Which Risk? Which Trust? Cognitive Determinants of Participation in Collective Action.
We are presenting results of an exploratory study aiming at establishing whether these postulated relationships exist. The crux of the study is the fact that both risk attitude and propensity to trust can be measured in many different ways. For example risk attitudes in economic research are measured via series of choices between lotteries, while psychologists and sociologists prefer various questionnaire items. Trust on the other hand can be measured using the traditional general trust items or more specific questions. Not all these measures are equally adequate in the context of collective action. For instance inquiring about subjects’ risky behaviors such as substance abuse, unprotected sex or parachute jumping is not necessarily relevant here. We are therefore raising a question of how to assess trust and risk attitude to predict choices made in public goods dilemma.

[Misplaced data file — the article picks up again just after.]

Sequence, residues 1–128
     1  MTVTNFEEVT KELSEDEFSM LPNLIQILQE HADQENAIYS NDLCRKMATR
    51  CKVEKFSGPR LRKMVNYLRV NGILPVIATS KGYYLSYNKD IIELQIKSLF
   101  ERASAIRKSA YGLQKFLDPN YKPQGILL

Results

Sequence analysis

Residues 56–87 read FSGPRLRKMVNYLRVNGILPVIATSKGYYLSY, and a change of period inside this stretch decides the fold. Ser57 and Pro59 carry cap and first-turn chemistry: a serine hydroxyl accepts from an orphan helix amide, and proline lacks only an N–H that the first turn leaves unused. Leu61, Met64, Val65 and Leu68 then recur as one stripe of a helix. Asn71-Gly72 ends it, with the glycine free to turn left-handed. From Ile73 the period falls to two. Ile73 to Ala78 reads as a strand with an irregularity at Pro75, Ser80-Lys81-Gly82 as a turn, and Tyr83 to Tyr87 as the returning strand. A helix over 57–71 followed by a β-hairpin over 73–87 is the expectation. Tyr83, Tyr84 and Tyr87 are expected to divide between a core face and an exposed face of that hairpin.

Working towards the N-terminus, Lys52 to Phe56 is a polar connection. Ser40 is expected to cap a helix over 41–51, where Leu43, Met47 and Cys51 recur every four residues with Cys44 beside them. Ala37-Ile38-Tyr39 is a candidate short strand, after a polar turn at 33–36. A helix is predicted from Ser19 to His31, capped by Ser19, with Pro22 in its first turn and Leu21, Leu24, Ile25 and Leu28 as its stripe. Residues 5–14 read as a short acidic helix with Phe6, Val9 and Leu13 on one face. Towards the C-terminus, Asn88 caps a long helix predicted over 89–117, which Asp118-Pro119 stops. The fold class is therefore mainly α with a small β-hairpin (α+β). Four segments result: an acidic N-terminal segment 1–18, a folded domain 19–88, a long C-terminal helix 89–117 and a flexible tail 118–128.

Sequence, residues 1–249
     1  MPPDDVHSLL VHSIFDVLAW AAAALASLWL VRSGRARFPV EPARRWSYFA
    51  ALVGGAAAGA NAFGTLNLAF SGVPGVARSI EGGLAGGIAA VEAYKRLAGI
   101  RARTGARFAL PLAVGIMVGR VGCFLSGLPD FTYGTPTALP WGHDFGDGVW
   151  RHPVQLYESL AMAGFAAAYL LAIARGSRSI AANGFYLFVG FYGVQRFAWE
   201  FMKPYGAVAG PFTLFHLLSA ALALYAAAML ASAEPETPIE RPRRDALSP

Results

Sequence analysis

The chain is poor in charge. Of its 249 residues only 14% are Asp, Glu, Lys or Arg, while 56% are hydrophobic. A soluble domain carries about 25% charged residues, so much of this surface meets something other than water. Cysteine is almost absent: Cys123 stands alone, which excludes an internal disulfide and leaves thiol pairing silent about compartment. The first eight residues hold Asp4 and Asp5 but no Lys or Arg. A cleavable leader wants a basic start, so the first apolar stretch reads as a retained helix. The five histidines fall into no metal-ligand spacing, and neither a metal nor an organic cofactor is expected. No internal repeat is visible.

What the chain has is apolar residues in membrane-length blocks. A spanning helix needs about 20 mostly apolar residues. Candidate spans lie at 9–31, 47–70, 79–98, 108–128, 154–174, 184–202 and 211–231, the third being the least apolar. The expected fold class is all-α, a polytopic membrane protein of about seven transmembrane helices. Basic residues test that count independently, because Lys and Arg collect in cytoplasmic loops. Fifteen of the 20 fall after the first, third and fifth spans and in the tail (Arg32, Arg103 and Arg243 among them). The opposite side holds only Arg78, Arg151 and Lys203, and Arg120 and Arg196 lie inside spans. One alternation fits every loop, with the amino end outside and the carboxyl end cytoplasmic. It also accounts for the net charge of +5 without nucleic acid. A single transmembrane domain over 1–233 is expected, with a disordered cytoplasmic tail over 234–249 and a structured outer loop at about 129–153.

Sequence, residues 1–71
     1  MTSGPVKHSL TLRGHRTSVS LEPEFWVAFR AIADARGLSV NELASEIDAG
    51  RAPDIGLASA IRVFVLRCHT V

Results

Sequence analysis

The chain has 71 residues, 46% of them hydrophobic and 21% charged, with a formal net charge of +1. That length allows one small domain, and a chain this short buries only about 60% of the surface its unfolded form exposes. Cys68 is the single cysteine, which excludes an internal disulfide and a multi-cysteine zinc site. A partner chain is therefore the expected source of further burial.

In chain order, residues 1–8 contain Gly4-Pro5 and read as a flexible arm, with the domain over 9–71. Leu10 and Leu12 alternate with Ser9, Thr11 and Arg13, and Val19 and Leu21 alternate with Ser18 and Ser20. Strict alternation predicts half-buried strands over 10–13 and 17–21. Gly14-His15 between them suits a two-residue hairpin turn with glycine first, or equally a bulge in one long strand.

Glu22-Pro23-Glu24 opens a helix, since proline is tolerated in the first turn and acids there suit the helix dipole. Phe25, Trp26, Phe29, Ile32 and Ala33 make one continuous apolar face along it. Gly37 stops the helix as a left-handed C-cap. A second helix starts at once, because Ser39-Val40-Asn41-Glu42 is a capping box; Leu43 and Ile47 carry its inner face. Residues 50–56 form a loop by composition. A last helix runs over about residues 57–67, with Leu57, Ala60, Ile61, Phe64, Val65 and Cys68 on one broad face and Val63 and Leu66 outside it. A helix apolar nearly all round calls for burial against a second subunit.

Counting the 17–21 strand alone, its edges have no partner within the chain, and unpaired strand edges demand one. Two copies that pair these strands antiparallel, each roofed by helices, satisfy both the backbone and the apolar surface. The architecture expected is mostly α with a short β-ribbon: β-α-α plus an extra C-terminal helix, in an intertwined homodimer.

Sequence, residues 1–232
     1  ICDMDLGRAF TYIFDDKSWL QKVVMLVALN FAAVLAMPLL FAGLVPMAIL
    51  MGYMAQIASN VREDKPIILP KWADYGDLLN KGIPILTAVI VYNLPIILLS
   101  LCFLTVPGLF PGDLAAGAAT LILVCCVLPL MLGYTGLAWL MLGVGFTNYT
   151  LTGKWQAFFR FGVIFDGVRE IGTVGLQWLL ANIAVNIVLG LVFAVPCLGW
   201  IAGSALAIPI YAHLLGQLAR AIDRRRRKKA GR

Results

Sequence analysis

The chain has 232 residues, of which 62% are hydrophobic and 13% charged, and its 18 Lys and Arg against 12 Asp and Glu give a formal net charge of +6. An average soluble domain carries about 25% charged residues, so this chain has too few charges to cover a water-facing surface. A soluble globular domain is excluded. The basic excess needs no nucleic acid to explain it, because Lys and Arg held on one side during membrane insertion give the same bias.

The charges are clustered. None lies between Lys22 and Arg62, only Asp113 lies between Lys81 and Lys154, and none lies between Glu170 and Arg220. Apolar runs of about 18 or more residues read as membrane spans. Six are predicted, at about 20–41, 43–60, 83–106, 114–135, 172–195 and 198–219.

Our research is based on a study in which participants were taking part in a PGG and filled in a questionnaire. We find that making decisions is different from thinking about one’s attitudes when it comes to risk and that trust can be estimated surprisingly well using very simple tools. Furthermore, both trust and risk attitude are important determinants of contributions in the experimental game.